- NAAQS - National Ambient Air Quality Standards. These are limits set by the Environmental Protection Agency (EPA) for pollutants that are considered to be hazardous to public health and to the environment. There are six criteria pollutants for which these limits have been established: Particulate Matter with diameter of ten (10) microns (PM10) or 2.5 microns (PM2.5), Carbon Monoxide (CO), Sulfur Dioxide (SO2), Nitrogen Dioxide (NO2), Ozone (O3) and Lead (Pb).
- Ozone Standard - The ozone National Ambient Air Quality Standard (NAAQS) is comprised of a primary standard to protect health and a secondary standard to protect sensitive plants and animals. The EPA revised both 8-hour ground level ozone standards to a level of 0.075 parts per million (ppm). To meet the ozone standard, the 3-year average of the fourth-highest daily maximum 8-hour average ozone concentrations measured at each monitor within an area over each year must not exceed 0.075 ppm.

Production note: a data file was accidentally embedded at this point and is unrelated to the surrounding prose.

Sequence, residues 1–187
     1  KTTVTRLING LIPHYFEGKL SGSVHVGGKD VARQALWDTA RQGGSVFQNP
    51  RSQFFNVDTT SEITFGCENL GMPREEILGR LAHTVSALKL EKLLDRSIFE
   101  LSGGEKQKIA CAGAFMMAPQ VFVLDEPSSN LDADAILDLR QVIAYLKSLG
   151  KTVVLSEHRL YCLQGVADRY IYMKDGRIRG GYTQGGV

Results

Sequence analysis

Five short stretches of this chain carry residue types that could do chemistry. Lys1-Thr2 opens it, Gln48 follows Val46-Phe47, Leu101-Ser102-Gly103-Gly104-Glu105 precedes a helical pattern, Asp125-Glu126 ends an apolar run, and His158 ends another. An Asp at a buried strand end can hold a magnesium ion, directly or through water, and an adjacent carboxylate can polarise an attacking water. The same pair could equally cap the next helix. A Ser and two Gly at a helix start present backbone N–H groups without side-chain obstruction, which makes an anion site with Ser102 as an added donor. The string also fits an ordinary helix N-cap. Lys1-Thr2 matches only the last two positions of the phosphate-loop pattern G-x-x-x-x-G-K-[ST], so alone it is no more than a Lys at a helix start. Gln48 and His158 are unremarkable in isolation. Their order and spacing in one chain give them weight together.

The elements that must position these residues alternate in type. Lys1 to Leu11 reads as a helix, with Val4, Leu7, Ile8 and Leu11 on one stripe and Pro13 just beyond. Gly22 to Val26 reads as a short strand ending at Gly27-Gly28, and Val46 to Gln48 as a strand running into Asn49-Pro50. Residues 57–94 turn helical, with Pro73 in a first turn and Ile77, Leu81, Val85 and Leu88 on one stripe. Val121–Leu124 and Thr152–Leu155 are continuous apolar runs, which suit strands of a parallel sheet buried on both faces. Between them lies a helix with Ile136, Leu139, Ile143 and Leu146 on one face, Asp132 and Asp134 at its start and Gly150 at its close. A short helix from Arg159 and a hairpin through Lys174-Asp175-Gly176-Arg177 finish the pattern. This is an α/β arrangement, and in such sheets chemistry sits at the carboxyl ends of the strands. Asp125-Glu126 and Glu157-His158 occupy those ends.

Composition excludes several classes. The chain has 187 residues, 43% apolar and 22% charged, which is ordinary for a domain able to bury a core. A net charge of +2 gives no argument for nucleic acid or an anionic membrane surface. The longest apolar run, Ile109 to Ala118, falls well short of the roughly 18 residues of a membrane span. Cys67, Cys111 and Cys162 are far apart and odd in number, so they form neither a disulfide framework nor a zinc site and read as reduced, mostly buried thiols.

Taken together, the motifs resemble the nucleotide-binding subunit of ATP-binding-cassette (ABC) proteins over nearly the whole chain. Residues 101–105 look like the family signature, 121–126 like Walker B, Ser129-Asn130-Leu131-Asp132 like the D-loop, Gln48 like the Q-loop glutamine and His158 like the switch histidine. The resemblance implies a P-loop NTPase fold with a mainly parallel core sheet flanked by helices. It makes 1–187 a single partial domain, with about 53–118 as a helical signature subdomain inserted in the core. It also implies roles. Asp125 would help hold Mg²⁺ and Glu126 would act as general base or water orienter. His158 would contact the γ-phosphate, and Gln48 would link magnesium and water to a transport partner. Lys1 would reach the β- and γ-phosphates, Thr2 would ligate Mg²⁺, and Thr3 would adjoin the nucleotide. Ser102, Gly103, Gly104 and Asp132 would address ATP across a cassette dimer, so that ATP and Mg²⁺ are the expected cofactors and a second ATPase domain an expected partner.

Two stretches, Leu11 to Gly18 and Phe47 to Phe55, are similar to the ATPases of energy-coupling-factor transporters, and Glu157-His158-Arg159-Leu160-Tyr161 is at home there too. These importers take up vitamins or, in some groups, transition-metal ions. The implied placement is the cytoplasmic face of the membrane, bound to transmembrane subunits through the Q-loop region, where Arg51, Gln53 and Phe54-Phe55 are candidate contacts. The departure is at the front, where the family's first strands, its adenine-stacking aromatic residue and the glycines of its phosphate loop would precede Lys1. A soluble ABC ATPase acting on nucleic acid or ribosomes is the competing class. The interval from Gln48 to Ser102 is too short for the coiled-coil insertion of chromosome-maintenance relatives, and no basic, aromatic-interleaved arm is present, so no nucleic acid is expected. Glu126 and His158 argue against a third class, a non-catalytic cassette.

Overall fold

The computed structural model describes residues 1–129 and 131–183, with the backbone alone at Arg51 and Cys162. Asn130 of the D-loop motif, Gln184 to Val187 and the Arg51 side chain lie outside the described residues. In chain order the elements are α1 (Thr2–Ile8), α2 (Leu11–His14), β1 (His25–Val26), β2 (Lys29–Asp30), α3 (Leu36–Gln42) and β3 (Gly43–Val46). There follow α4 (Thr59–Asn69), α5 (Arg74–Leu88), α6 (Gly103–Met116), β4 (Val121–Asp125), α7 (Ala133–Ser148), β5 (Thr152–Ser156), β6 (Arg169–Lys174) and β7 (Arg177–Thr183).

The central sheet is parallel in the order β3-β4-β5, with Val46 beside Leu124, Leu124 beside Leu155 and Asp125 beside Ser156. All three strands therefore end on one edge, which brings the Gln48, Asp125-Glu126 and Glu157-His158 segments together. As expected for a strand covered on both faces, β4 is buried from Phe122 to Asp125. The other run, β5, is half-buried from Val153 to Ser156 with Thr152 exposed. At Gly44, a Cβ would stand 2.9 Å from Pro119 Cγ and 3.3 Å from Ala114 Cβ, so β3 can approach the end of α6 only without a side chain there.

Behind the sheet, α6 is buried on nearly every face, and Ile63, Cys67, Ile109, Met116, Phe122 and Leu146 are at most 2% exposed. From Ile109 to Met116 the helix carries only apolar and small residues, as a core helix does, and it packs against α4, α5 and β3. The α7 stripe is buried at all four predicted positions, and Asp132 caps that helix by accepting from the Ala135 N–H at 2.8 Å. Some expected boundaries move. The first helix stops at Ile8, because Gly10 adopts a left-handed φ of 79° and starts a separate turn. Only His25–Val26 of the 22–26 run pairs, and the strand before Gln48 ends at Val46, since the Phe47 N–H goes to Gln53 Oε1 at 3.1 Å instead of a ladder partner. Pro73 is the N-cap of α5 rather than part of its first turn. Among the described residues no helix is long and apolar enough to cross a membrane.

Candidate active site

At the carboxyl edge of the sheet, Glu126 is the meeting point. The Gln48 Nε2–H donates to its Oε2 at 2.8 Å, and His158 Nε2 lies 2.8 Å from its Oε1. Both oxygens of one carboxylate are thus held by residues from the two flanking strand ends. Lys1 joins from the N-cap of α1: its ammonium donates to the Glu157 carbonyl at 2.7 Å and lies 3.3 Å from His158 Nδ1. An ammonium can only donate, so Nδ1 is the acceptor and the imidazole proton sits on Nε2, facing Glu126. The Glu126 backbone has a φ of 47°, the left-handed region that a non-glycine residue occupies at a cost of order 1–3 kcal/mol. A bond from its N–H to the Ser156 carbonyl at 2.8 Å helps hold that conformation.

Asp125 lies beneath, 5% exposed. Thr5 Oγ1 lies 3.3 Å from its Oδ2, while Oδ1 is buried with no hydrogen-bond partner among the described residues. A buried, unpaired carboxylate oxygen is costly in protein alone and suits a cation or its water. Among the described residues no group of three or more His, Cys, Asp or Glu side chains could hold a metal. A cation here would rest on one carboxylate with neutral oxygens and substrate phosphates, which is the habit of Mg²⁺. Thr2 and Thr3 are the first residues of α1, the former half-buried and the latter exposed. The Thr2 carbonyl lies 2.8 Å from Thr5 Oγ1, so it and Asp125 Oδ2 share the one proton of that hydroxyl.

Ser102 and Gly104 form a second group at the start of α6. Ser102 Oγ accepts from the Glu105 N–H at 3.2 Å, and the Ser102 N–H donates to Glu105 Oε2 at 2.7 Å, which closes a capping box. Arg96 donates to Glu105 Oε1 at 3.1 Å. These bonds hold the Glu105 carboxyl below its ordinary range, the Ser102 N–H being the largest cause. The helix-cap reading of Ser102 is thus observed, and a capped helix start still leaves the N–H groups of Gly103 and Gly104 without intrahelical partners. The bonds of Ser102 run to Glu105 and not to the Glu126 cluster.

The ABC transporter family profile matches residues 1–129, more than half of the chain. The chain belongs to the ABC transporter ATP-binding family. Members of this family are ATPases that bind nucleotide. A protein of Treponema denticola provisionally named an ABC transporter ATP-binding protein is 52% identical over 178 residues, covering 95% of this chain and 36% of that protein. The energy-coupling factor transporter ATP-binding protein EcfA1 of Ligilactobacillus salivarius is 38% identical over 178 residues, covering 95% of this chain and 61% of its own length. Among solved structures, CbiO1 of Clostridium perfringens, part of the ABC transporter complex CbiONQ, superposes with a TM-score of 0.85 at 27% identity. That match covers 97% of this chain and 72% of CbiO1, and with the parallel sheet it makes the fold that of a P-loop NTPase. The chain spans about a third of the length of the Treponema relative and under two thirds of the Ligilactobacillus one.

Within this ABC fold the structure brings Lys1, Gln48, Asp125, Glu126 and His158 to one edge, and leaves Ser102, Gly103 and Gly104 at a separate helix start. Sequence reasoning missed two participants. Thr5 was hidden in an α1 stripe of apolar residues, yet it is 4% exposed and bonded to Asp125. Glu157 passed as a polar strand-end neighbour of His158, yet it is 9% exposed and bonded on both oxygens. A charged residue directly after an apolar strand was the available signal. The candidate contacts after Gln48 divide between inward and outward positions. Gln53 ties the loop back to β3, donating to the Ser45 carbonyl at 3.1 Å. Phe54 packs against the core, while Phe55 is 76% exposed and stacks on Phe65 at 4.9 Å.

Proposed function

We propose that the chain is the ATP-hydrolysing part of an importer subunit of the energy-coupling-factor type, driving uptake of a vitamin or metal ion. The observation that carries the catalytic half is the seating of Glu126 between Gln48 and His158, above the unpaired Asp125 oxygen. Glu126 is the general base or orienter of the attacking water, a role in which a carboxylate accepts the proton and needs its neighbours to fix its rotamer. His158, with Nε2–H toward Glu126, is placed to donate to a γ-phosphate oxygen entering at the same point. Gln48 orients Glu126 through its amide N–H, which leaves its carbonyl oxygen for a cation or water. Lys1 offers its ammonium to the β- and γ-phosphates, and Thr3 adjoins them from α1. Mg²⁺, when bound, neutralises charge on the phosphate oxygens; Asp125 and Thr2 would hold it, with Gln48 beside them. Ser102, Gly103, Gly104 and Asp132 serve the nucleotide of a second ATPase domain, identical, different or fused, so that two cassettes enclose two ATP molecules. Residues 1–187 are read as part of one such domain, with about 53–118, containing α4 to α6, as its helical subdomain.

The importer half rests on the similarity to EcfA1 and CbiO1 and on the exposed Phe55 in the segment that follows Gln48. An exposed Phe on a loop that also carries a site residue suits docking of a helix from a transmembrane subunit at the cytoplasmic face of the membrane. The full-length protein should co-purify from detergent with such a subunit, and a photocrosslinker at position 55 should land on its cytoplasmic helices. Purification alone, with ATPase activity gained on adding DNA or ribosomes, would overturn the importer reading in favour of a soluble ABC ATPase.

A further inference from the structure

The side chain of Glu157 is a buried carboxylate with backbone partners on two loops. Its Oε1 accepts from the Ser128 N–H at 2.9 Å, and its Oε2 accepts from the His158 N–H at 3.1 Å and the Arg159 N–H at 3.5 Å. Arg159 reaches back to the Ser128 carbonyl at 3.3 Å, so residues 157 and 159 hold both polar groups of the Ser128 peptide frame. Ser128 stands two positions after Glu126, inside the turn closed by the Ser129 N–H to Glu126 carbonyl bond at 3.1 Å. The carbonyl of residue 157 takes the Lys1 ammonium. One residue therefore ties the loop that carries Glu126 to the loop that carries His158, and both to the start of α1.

- PM2.5 Standard - The PM2.5 NAAQS is comprised of a primary standard to protect health and a secondary standard to protect public welfare, including protection against visibility impairment, damage to animals, crops, vegetation and buildings. There are two averaging times for the PM2.5 NAAQS. The annual standard measures chronic exposures to PM2.5 while the 24-hour standard measures acute (or short-term) exposures. The EPA has set both PM2.5 standards to a level of 12.0 micrograms per cubic meter (µg/m3) for the annual averaging time and 35 µg/m3 for the 24-hour averaging time. To meet the annual PM2.5standard, the 3-year average of the weighted annual mean PM2.5 concentrations from single or multiple community-oriented monitors must not exceed 12.0 µg/m3. To meet the 24-hour PM2.5 standard, the 3-year average of the 98th percentile of 24-hour concentrations at each population-oriented monitor within an area must not exceed 35 µg/m3.